the monument to a lack of a monument

LI was going to spend this week threading through the crimes of classical liberalism. Heavy emphasis, in other words, on the famine in Ireland, which served as a template for the series of famines in India.

This is how we were going to start: with that most familiar of strangers in a strange land, the Martian. If a Martian were to make a quick visit to D.C.’s National Mall, what information would he gather about the U.S.? He’d see that the U.S. had a pharaoh named George Washington; a great white father, Abraham Lincoln; that the U.S. was very concerned about the crimes of German history; and that some kind of disaster or war happened named Vietnam.

From our monuments, the Martian would never know that there was such a thing as a black American. And he would certainly never know that there was such a thing as slavery in the U.S.

It has long been a sort of joke that the American government is much happier exploring the horrors visited by Germany on the Jews than the horrors visited upon blacks by white plantation owners, some of whom wrote the original documents that founded these here states. However, going past the local issue, my moral is that the martian is us - we are in the position of the martian when we visit the past – or that part of the past that extends beyond the body of our memories, that extends beyond the memories of two or three generations. There is a history of the surface and a history of the vaults, and there no law that says that what happened in the vaults will be monumentalized on the surface. On the contrary, histories have a double purpose: to erect monuments and to create and communicate erasures. But those of us who are critical martians – moi, f’rinstance – have a perverse urge to counter this history, to take down the monuments and fill in the blanks. LI’s motive in throwing in our lot with the critical martians is simple: we are fated for blankhood. Poor, aberrant, marginal – what the fuck do we have to lose?

To give a small example of what we mean: David Gilmour, a very good historian, wrote a biography of Lord Curzon a few years ago. In the bio, he devotes four pages to the famine in India that occurred while Curzon was the Viceroy of India. He never, in this account, actually tells the reader how big the famine was. That is, he never mentions that it killed between 3 and 4 million people (as calculated by Arup Maharatna, quoted by Mike Davis in the Victorian Holocaust). Imagine a man writing a book about Stalin’s leadership in the thirties and simply skipping the famine in the Ukraine. It isn’t that this is Gilmour’s fault, of course – this is just how colonial history has come to be written. In 1930, though, the reach of generational memory would make such insouciance a little harder – and, indeed, the way the Bolsheviks responded to and used the famine in the Ukraine was very much influenced by the model provided by the British of seeing famines as providential genocides, mass murders by a Darwinian god that, luckily, were prefigured in the market – for after all, demand goes down when the demanders are dead – and so food prices, by the superbly beneficent invisible hand, go down too.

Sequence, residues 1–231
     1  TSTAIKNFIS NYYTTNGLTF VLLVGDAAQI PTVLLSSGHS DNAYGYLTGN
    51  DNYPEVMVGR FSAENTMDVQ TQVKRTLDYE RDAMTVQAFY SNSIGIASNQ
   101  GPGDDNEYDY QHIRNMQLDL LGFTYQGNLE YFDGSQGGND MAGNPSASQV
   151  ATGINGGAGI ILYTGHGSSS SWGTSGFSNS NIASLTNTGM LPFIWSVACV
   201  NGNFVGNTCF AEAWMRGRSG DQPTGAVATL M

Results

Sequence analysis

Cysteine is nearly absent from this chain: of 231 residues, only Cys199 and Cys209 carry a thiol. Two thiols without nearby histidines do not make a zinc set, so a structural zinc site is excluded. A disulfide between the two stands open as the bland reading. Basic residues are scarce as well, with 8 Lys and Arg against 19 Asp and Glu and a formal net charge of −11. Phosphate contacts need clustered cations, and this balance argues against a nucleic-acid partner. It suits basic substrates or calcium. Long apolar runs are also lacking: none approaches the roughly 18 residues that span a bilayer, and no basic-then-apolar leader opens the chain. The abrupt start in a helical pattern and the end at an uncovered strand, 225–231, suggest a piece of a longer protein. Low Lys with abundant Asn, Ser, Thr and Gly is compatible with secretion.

The conventions of telling the history of the British in India – at least, in the Anglosphere – are different from the conventions of telling the history of the Soviet Union. That the amount of food given to prisoners in the Gulags, and the amount of work they were required to do (which resulted in their mass deaths) matches the amount of food distributed by the British to starving Indians in the labor camps they set up, which was also directly linked to the amount of work they did – the British having the idea that a man weighing 70 pounds and eating, on the whole, a pound of rice a day really ought to be able to work at breaking rocks for nine hours a day – makes no difference in the difference with which the stories will be told. One is a crime of communism itself; the other is an unfortunate sideproduct of all the good the British brought to India – railroads, for instance, that could quickly and efficiently take rice away from India peasants and transport it to hungry Englishmen a world away; big canals into which mineral salts would leach, instead of the system of small, capillary irrigation canals that had maintained small landholders in India for centuries, and that the British regarded as impediment to the needful consolidation of agricultural properties.

So what I was going to do in some threads this week was tie together Classical liberalism and communism, not as opposites but as positions on a spectrum compounded, materially, of a system of production that both ideologies sought to encode – but that both, also, fully accepted.

But LI doesn’t know whether we have the energy to pursue this thread this week. We will see.